The first session dealt with the vision for building Successful Tertiary Education Systems. Besides providing a strong academic foundation routes that helps leverage career prospects for millions of people every year, universities and colleges all round the world work alongside business to help companies succeed by upgrading employee skills to reflect the needs of a rapidly changing economy. World class fitness for purpose needs to reflect these different roles, as well as the contribution that tertiary education makes to social cohesion, giving many their only chance to gain skills, prosperity and fulfilment. The Forum’s belief is that e-technology plays a fundamental role in delivery as well as mediating the skills to use the technology effectively and supporting efficient use of resources of all kinds across the institution. As student and educator, mobility becomes more important, while the ability of individuals, institutions, certificating bodies and other government agencies to interoperate becomes significant.
The second session dealt with access, quality, and e-maturity in tertiary education. Tertiary education is experiencing unprecedented pressure as increased numbers of people graduate from secondary education, combined with increased demands for new skills and knowledge by adults, exceeding the capacity of current systems to deliver quality education. The session explored the issues that have to be addressed if e-technology is to make an effective contribution to meeting the challenges presented by inappropriate technology infrastructure, affordability and scalability of investment and change programmes, and key influence of educator skills as a potential limiting factor to change. The biggest barrier of all to getting the best contribution from e-technology may be the culture shift involved in putting the learner voice and business needs at the heart of post-secondary planning.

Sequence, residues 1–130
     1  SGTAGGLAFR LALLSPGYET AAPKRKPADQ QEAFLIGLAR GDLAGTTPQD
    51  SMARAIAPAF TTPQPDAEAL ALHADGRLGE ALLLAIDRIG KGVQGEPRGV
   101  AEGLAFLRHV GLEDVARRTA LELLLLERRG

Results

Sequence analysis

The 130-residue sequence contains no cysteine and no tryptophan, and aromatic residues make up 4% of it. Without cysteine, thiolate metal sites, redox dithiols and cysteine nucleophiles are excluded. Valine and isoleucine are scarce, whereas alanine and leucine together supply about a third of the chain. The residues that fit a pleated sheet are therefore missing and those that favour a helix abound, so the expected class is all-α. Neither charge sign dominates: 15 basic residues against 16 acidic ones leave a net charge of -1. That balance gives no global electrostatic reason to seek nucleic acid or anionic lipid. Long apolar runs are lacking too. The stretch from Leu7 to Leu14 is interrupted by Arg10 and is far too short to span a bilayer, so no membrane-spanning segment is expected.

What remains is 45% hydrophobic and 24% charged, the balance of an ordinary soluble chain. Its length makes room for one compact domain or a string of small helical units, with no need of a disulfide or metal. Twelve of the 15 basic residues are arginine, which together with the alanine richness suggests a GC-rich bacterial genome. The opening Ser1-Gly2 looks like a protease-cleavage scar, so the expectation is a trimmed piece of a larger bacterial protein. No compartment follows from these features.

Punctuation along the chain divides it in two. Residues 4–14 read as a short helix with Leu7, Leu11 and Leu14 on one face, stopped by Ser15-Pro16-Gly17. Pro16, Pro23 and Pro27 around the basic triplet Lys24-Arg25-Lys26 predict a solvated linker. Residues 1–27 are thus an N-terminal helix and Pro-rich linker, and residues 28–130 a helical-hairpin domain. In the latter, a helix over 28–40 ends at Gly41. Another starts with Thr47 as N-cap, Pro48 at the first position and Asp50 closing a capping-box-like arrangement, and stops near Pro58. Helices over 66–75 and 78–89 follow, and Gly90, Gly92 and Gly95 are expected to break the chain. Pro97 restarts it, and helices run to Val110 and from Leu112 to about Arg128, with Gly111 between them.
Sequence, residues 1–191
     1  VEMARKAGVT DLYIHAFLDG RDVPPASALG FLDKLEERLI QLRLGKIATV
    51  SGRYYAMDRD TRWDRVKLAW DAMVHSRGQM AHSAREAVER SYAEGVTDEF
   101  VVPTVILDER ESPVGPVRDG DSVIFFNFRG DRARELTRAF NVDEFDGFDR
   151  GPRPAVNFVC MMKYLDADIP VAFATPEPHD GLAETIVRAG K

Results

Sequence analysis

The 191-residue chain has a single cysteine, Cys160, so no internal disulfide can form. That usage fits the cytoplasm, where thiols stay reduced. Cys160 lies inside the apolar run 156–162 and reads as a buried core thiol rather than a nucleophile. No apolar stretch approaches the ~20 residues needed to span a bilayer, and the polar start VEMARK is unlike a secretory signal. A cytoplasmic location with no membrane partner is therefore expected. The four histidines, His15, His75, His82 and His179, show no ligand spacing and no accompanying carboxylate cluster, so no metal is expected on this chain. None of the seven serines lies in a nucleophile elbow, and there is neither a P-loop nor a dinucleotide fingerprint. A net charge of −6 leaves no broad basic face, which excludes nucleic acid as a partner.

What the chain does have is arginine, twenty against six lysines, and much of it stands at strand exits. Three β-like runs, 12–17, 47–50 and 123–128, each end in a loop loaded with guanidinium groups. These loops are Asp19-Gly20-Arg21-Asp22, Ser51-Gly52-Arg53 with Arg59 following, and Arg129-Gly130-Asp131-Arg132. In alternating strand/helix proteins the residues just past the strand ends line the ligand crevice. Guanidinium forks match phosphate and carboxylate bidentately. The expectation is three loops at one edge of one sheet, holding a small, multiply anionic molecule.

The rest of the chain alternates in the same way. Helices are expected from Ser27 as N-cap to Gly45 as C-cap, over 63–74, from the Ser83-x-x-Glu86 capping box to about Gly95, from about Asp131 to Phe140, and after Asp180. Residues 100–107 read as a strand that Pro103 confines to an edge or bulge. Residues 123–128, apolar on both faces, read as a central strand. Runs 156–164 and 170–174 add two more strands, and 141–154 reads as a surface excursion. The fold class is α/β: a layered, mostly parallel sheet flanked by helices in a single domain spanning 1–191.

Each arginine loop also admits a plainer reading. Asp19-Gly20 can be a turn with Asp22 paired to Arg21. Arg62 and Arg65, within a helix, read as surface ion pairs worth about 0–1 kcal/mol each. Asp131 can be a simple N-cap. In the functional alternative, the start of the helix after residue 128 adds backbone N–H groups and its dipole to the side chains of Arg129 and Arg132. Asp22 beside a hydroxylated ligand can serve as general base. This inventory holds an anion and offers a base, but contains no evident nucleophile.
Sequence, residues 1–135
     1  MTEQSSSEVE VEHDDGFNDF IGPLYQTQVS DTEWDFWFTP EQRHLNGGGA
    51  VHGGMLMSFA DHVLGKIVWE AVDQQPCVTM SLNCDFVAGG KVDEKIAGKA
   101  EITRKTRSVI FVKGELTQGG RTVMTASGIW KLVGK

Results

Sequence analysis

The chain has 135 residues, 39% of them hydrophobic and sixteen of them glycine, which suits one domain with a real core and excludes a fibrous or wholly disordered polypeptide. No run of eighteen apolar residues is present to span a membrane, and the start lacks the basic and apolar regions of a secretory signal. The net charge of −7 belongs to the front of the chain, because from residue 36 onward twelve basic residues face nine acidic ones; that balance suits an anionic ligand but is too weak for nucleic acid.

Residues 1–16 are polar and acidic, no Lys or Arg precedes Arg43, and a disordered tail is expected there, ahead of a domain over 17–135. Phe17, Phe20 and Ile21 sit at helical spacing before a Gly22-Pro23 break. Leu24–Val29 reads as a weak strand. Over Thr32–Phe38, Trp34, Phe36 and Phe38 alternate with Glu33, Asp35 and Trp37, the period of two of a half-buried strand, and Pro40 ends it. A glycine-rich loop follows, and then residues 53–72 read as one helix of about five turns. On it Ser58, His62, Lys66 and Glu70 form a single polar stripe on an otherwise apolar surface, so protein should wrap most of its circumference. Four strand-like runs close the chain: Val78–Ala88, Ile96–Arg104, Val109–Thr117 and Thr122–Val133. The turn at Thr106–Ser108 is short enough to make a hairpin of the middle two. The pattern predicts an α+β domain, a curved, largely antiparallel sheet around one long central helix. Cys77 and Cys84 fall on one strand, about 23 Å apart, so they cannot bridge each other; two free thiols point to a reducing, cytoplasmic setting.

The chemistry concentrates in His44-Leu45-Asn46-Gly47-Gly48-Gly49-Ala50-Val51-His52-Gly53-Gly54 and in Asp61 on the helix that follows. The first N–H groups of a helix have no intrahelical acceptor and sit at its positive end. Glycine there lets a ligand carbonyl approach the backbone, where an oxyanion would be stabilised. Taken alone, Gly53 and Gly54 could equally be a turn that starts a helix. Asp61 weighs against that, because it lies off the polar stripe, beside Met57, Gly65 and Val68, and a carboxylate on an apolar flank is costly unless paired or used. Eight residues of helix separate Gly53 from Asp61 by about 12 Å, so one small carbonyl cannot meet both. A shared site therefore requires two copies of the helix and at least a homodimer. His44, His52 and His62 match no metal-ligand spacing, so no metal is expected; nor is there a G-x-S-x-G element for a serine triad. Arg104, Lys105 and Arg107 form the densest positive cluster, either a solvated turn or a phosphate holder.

The discussions further dwelt on delivering on the needs of employability. This session explored efforts to identify, measure and build into systems approaches to learning that will help students be capable of meeting social and economic needs in the knowledge economy. During the session, the European Centre for the Development of Vocational Training forecast skill needs upto the year 2015, concluding that demand for skills and qualifications is being driven upwards in most occupations.
The third session dealt with strategies where the theme was Innovation in 21st-Century Learning and Teaching. To meet the demands required in the 21st-century workplace, new skills and knowledge are required. This is putting pressure on the learning and teaching process, and the ways e-technology can be used to enhance, extend and in some cases, replace, traditional methods. The session focused on the application of current and new ICTs to tertiary learning and teaching. Institutions and government need to have strategies to address issues around curriculum change, educator readiness, technology infrastructure and the diverse needs of teaching and learning and research. Right around the globe we see universities and colleges facing up to the challenges of e-technology led innovation, often by adopting and adapting the same current generation technologies that businesses use to build capacity in new markets.